Proposed transportation bill will maintain spending

By |  May 14, 2014

A bipartisan, six-year surface transportation bill proposed by the Senate Environment and Public Works Committee would maintain spending on federal-aid highways at current levels plus inflation, NSSGA says.

The $252 billion bill, known as the MAP-21 Reauthorization Act, would authorize new spending on freight programs, add award grants for states’ best practices that save time and costs, and maintain the low-interest TIFIA infrastructure loans at current levels.

If passed, the bill would create jobs, Committee Chairman Barbara Boxer (D-Calif.) and ranking member David Vitter (R-La.) said in a statement.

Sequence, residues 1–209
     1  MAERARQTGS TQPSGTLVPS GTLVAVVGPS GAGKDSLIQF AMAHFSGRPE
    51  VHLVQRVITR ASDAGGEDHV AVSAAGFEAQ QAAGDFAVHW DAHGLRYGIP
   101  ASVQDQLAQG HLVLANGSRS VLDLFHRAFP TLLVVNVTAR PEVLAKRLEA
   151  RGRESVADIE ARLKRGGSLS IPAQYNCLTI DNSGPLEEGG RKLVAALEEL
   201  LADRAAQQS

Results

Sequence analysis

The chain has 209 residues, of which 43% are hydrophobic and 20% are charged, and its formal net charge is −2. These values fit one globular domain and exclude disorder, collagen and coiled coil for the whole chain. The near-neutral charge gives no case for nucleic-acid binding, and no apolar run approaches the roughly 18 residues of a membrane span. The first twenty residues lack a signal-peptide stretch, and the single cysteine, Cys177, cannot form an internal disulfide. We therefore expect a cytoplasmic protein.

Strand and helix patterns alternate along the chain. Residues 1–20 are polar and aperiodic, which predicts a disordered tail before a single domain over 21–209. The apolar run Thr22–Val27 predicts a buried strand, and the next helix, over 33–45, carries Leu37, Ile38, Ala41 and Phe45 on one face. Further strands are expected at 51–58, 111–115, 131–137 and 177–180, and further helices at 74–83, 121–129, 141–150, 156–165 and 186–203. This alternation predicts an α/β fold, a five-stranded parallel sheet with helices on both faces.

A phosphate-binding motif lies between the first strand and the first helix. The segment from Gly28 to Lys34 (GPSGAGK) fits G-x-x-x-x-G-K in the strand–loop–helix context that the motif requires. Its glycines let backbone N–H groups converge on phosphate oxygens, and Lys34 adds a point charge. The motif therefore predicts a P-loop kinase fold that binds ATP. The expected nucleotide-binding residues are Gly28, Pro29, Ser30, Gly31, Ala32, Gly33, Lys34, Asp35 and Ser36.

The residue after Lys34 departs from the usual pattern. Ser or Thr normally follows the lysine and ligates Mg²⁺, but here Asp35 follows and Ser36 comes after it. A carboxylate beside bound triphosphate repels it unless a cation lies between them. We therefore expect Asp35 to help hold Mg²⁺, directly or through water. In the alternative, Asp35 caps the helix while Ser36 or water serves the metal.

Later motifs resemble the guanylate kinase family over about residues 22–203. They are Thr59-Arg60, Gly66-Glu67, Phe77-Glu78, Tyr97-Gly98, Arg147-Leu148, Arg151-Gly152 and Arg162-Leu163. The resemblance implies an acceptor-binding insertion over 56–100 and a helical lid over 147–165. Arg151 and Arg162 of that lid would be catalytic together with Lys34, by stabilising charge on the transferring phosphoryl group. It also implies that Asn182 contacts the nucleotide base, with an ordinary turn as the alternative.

The MAP-21 Reauthorization Act would authorize $38.4 billion out of the Highway Trust Fund for fiscal year 2015, then increase with inflation in the following years to: $39.2 billion in 2016; $40 billion in 2017; $40.8 billion in 2018; $41.7 billion in 2019; and $42.6 in 2020. TIGER grants, which are currently funded at $600 million, would drop to $400 million, but the bill would add a program authorized to spend up to $125 million per year for awards to states that show special innovation or efficiency.

The bill does not include a new funding plan because that jurisdiction lies with the Senate Finance Committee. In an effort to come up with about $18 billion per year of new revenue to fund the MAP-21 Reauthorization Act, Senate Finance Committee Chairman Ron Wyden (D-Ore.) will hold a hearing May 6 to study options and proposals.

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